Good Friday is perhaps a fitting day to awaken my slumbering blog. A day when many look to the fruits of the sea for nourishment.
What I want to write about is last weekend however. A heady monthly occasion whereby I've just been paid and I act like a weekend millionaire. This month I celebrated by making a seafood risotto full of what the market could offer for Filipa and our lovely friend Em's. Fresh prawns, squid and monkfish, joined by some scottish mussels and plump scallops.
I've read a lot of recipes for seafood risotto and thought what... the.....funk?! Some demand the inclusion of fennel and whipping cream, others fish heads and tinned clams. I've even seen brandy sneaked in. I confess that I haven't actually bitten the bullet and tried any of these additions so maybe I'm missing out. But then if you're going to the time and expense of making something special then you want to know that it works and that the whole thing isn't in danger of being a disaster.
This is my tweaked recipe and dear reader, it works. It's based on the seafood principles of Rick Stein and the risotto workings of Jamie Oliver combined with all that I can gleam from Leith's teachings on bouillon and stocks.
If you're not totally confident then I would suggest that you don't serve a starter beforehand. Risotto really does need your attention 100% and any interlude will probably result in a sticky mess or a long wait for your guests. Serve instead centre stage, flanked by great bread, salad and excellent crisp dry white wine to make the whole thing sing as the curtain comes down and your belly hopefully applauds all that has gone before.
400g prawns, shell on
small bag of say 30 mussels
200g monkfish thinly sliced
50g squid, cleaned and thinly sliced
3 or 4 scallops
For the stock
25ml olive oil
1 garlic clove
1 carrot roughly chopped
1 celery stick
1/8 teaspoon of saffron
1.2 litres fish stock - good quality cubes or pots are fine
Cooking liquid from the mussels.
For the risotto
1tbsp olive oil
2 shallots, chopped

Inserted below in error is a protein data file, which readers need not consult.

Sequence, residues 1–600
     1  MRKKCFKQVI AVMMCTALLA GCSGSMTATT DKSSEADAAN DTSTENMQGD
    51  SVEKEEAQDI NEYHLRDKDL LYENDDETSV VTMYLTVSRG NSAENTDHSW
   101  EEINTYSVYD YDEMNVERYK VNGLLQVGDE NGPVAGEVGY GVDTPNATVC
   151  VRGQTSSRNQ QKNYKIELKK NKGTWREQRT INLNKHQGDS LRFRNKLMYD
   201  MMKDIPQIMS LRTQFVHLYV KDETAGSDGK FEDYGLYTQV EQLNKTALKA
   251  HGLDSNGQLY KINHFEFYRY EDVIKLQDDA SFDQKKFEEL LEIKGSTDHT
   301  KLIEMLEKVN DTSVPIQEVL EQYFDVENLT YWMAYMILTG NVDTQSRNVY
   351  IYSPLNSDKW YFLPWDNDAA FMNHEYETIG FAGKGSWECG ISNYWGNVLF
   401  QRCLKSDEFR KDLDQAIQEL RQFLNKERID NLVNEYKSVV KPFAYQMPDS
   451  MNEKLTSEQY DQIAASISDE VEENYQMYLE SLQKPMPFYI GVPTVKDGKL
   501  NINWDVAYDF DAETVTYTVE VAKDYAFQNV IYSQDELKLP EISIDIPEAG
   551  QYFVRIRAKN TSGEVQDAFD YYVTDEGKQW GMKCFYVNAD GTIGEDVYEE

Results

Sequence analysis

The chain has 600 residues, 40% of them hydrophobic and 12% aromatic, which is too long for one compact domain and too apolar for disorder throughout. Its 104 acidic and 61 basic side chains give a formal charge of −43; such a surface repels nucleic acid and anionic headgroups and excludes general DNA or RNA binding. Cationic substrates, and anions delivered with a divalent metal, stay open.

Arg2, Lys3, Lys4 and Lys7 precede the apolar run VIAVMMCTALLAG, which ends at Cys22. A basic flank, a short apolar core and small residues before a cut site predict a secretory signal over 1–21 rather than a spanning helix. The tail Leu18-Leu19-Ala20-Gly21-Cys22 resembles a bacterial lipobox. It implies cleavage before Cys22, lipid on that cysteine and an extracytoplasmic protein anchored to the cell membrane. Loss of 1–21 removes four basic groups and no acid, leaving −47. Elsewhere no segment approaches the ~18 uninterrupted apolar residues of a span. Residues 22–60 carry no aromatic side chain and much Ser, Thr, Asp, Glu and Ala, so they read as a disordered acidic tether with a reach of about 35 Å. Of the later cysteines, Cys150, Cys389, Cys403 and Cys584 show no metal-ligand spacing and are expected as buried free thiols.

350g risotto rice like Arborio, Carnaroli or Vialone Nano
1 garlic clove chopped
150ml dry white wine
Scattering of flat leaf parsley to serve
Read the whole recipe before getting stuck in! Total time will probably be 60 to 90 mins and it will serve 4 royally. Peel the prawns but keep the shells for the stock. Set prawns aside until needed. Wash and scrape the mussels and pull out the beards. Cook on a high heat in a large pan with a splash of water until they open. Strain through a sieve and save the juices for the stock pot later. Shell the mussels, but keep 8 or 10 whole for presentation later. Set aside mussels. Note that you need a lot of prep bowls for this recipe so be prepared!
Heat oil in a large pan and fry the garlic, carrot, celery, and leek for 5 minutes on a low heat. Add the prawn shells and fry for 2 more minutes then add the tomato, saffron, fish stock and mussel liquor. Bring to the boil and simmer for 30 minutes then push through a sieve.
Get your stock simmering next to you. Melt the butter in another heavy-based pan like a Le Creuset and add the shallots and garlic. Cook until softened. Add the rice and stir continuously for a couple of minutes until hot and well-coated with butter. Pour in the wine. This should smell amazing!
Add one ladle full of stock at a time to your risotto. Stir with a flat wooden spatula slowly and continuously until the rice has absorbed all the stock. Don't add more stock until the last has been absorbed. The heat should be medium so that everything is bubbling along nicely.
Taste the rice after 20 minutes or so. You want it al-dente. Tender but with bite. Stir in the cheese. At this point Giorgio Locatelli says that the risotto should ripple like the waves of the sea, so there should be enough liquid for movement when disturbed. Taste for seasoning and grind in some pepper. You may not need to salt but a little bit will probably heighten the flavours.
While the risotto is cooking, brush the rest of the seafood including the mussels with olive oil and grill for 3-4 minutes. Then carefully mix the seafood into the risotto. Leave a few pieces of seafood and the mussels in shells on top for effect and scatter the parsley.